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Edinburgh 2013: Turning confessions into comedy

Jason Blackwater

PTpj1Zqobx86ptsx9rBkVZy7abNA86ktyPsJH07mn4k Edinburgh 2013: Turning confessions into comedyThey say that tragedy plus time equals comedy and we in The Maydays are a common denominator in this equation. In our show we take audience members’ secretly disclosed confessions and turn them into an improvised performance.

We come across some shocking admissions in our and while many people would be horrified at the death of an animal, the deception of an elderly relative or an apparent attempted fratricide, we seem more than happy to admit to a roomful of strangers our misdemeanours if enough time has gone past.

I’m reminded of a recent confession of an audience member at our show that she had been innocently playing with a friends pet mouse, some time elapsed that she does not recall and eventually a very much deceased rodent companion was presented to the friend. She insisted that she does not remember killing the furry creature but nor could she provide sufficient evidence to exonerate herself. A case of loving too much? The best laid schemes o’ pets an’ owners gang aft a-gley as Rabbie Burns nearly said.

Another confessor admitted in writing that they, at birthdays and Christmases would take ornaments from the shelf or mantelpiece of their Alzheimer’s sufferer grandmother and wrap them up to present them as shiny new gifts. Cunning? Yes. Devious and cruel? Perhaps. But can you sit there and honestly say that, reading it, there isn’t a part of you that thinks it’s one heck of a good idea?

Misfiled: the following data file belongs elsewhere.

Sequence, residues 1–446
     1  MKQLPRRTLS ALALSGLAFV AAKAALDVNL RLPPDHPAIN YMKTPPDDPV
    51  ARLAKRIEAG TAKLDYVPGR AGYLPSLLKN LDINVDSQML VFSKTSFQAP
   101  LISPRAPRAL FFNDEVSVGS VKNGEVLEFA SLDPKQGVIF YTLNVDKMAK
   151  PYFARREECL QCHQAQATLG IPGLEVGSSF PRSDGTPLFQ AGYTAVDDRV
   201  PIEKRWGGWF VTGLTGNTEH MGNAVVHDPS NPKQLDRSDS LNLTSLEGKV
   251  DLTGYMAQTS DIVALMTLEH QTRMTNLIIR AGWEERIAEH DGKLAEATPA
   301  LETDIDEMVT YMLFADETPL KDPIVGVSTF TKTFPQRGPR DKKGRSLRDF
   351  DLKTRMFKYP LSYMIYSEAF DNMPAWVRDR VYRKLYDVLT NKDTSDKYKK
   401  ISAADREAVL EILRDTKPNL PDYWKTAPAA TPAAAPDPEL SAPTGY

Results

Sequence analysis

There was, of course, the confession that a young lad, in retaliation to being playfully stabbed (!) with a fork, took an ashtray and repeatedly bashed his brother’s head with it until an ambulance was called. Written with such joy and candour that he almost had us convinced it was normal behaviour.

So, what about outside the friend and family circle? What about the wider community? Surely none of our discerning audience would have committed massive damage to public property? Not unless someone had, say, admitted to setting fire to a local park when playing with a stolen lighter and blaming it on an entirely fictional “skinhead” when the fire engines turned up, long after they’d legged it. But that couldn’t have happened… could it?

But it does seem that we do the craziest things just to avoid admitting we might be wrong. A recent confession we received was from someone who was highly insistent that they had broken their wrist and once told that they would not be given a cast as the injury wasn’t so severe they punched a wall in order to “break it all the way”. I’ve been embarrassed about being wrong before but that’s something else!

But nothing quite beats the state of mind you get into trying not to lose your cool or seem fallible in front of a new partner. One female audient confessed to having somehow burnt her bum with a cigarette whilst lying beside her new fella. Despite her obvious distress she didn’t want to let on her pain and so laughed it off as nothing. She didn’t want “to appear like an amateur, after all!”

So if there’s anything to be learned from all of this, this would be it: got a past indiscretion weighing on your mind? Write it down, put it in a bucket and let The Maydays redeem you.

The Maydays: Confessions – 14:20 – Belly Laugh, Underbelly Cowgate, 1st – 25th Aug (not 13th)

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